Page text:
THz Near-Field Microscopy and Spectroscopy

by Hans-Georg von Ribbeck

Institution: Technische Universität Dresden
Department: Fakultät Mathematik und Naturwissenschaften
Degree: PhD
Year: 2015
Record ID: 1100799
Full text PDF: http://nbn-resolving.de/urn:nbn:de:bsz:14-qucosa-163917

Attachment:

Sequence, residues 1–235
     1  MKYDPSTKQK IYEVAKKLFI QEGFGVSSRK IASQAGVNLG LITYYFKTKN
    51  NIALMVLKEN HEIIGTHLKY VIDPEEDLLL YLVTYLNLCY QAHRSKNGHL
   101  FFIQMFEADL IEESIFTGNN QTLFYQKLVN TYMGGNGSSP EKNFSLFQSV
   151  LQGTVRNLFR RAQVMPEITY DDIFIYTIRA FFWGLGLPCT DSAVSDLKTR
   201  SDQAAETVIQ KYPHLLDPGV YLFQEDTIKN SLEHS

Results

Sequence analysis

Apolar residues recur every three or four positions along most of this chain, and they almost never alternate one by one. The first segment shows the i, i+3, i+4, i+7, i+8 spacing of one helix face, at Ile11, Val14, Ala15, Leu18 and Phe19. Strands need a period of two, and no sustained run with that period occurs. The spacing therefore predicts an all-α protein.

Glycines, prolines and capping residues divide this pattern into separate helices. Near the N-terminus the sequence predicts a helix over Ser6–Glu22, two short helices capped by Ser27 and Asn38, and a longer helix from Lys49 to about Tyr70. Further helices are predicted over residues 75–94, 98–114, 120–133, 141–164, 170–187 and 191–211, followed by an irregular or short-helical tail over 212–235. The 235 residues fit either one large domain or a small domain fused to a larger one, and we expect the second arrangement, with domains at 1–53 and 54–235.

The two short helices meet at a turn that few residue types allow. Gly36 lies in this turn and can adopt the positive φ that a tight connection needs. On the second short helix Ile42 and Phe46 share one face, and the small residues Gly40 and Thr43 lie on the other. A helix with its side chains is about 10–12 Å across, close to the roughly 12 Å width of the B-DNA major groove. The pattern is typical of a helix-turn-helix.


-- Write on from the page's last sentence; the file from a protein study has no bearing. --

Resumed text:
Imaging with THz radiation at nanoscale resolution is highly desirable for specific material investigations that cannot be obtained in other parts of the electromagnetic spectrum. Nevertheless, classical free-space focusing of THz waves is limited to a >100 μm spatial resolution, due to the diffraction limit. However, the scattering- type scanning near-field optical microscopy (s-SNOM) promises to break this diffraction barrier. In this work, the realization of s-SNOM and spectroscopy for the THz spectral region from 30–300 μm (1–10 THz) is presented. This has been accomplished by using two inherently different radiation sources at distinct experimental setups: A femtosecond laser driven photoconductive antenna, emitting pulsed broadband THz radiation from 0.2–2 THz and a free-electron laser (FEL) as narrow-band high-intensity source, tunable from 1.3–10 THz. With the photoconductive antenna system, it was demonstrated for the first time that near-field spectroscopy using broadband THz-pulses, is achievable. Hereby, Terahertz time-domain spectroscopy with a mechanical delay stage (THz-TDS) was realized to obtain spectroscopic s-SNOM information, with an additional asynchronous optical sampling (ASOPS) option for rapid far-field measurements. The near-field spectral capabilities of the microscope are demonstrated with measurements on gold and on variably doped silicon samples. Here it was shown that the spectral response follows the theoretical prediction according to the Drude and the dipole model. While the broadband THz-TDS based s-SNOM in principle allows for the parallel recording of the full spectral response, the weak average power of the THz source ultimately limits the technique to optically investigate selected sample locations only. Therefore, for true THz near-field imaging, a FEL as a high-intensity narrow- band but highly-tunable THz source in combination with the s-SNOM technique, has been explored. Here, the characteristic near-field signatures at wavelengths from 35–230 μm are shown. Moreover, the realization of material sensitive THz near-field imaging is demonstrated by optically resolving, a structured gold rod with a reso- lution of up to 60 nm at 98 μm wavelength. Not only can the gold be distinguished from the silica substrate but moreover parts of the structure have been identified to be residual resin from the fabrication process. Furthermore, in order to explore the resolution capabilities of the technique, the near-fields of patterned gold nano- structures (Fischer pattern) were imaged with a 50 nm resolution at wavelengths up to 230 μm (1.2 THz). Finally, the imaging of a topography-independent optical material contrast of embedded organic structures, at exemplary 150 μm wavelength is shown, thereby demonstrating that the recorded near-field signal alone allows us to identify materials on the nanometer scale. The ability to measure spectroscopic images by THz-s-SNOM, will be of benefit to fundamental research into nanoscale composites, nano-structured conductivity phenomena and…